Sunday, June 30, 2013

100 Things I Want to Tell My Children and Grandchildren: #1

If you work hard and excel you will reap rewards, the best of which are memories.

(Photo is of my kids and grandkids, taken 2011)

When I was growing up, and throughout my mom’s life, I asked her lots of questions about her and dad’s families, and about their early life together. I mostly asked Mom because my dad died when I was 12-years-old, about the time I became curious about my heritage.

Mom’s typical response to my inquisitions was, “Oh honey, that was so long ago. I don’t remember.” Occasionally, however, she would spontaneously lay a snippet of family history out like a jewel for me to ogle, like, “My grandmother owned the first car in the county.” Or “My Uncle Wells built a three-story house and claimed he could not die until he owned all the land he could see from the top floor. And he did.”

“They were French, you know,” she would add, as if that explained everything.

All my life I’ve clung to those rarefied and slim nuggets of my family’s history, like water in a wasteland of inconsequential days, and I’m not sure why. Perhaps I just want to know more about the genetic bolt of fabric from which I was cut. Perhaps knowing that information would tell me nothing. I do know the absence of my parents’ intimate history makes me feel like I’ve lost a piece of my own life’s puzzle. So whether my children and their children want to know my history, and the things I have learned in the process of making that history, or not, here it comes, via 100 Things I Want to Tell My Children and Grandchildren.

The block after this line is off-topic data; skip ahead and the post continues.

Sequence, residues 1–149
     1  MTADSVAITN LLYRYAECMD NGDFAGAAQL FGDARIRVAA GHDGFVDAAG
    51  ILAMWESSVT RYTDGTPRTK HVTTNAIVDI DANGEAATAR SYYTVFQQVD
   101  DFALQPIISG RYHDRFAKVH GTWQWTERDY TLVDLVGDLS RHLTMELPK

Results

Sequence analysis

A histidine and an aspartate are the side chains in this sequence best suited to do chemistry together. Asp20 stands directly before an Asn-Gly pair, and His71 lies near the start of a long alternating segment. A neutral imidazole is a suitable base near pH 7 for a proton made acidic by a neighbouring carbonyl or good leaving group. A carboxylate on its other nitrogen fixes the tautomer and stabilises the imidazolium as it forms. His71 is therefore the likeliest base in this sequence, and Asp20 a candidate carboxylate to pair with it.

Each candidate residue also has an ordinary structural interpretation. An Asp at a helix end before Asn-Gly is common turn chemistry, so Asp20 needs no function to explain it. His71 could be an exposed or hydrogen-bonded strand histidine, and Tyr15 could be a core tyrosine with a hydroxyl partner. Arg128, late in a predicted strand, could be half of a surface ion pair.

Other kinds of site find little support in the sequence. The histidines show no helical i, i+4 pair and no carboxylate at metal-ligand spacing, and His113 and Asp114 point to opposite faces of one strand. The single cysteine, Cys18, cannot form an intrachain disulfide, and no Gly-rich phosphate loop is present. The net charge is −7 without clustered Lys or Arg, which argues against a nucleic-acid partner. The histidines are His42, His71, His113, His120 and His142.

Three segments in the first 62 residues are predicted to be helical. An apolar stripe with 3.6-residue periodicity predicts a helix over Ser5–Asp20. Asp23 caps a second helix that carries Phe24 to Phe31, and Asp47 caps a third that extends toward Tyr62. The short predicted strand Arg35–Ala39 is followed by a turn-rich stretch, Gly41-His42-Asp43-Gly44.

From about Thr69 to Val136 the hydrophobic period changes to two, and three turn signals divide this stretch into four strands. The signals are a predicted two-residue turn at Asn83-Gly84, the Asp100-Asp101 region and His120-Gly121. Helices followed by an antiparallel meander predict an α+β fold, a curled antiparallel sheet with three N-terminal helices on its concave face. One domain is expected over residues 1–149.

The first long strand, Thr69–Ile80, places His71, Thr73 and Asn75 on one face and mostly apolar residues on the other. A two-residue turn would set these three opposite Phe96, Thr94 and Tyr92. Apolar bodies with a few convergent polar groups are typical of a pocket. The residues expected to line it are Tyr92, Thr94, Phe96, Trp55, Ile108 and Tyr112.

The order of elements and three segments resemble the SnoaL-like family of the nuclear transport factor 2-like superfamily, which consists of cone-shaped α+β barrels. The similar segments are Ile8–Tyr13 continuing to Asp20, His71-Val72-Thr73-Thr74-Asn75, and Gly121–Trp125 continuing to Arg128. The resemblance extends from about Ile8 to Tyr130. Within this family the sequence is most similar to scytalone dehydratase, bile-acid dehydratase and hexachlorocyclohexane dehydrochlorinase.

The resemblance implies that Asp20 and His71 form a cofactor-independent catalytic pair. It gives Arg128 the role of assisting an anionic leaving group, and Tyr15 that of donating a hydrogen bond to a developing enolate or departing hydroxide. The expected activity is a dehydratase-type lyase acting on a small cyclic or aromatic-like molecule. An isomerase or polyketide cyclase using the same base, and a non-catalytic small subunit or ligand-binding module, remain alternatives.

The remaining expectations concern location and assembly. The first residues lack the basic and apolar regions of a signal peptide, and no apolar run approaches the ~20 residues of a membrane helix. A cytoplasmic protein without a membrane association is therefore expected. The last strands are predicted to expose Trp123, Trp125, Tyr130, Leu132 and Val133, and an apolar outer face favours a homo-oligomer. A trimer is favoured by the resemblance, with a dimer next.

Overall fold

Wow! Where to start? Well, let’s just start with the first thing that comes to mind.

I had tea at the White House in 1990. The fact that this was the first thing that came to mind is probably a story within the story, but let’s not start there. Let’s start here. 
(photo is me in the Red Room at the White House)

When I was the executive director of Keep Texas Beautiful (KTB) we won a national prize that was awarded at a ceremony in the East Room of the White House. I was seated on the front row next to a small riser and podium. When I sat down, dizzy with the sheer drama of being in the executive mansion, I noticed on the stage two small cards. One read “President Bush,” and the other said, “Mrs. Bush.” And I then realized for the first time that, one, they would be there, and, two, I would actually be sitting within five feet of them. I don’t care what your politics are, when you are in the presence of a president, you feel incredibly honored.

My preparation for the award junket to D.C. began a week before when I realized, in spite of a closet full of nice suits, none seemed to meet the standards for a visit to the White House. My hectic schedule leading up to the trip prevented shopping in Austin.  A trip to Lubbock the weekend before to see my daughter JoLene would have to be the “buy the suit” weekend.  JoLene and Stephanie, my close friend Carol’s daughter, were roommates in college at Texas Tech University. Carol also happened to be my business manager at KTB.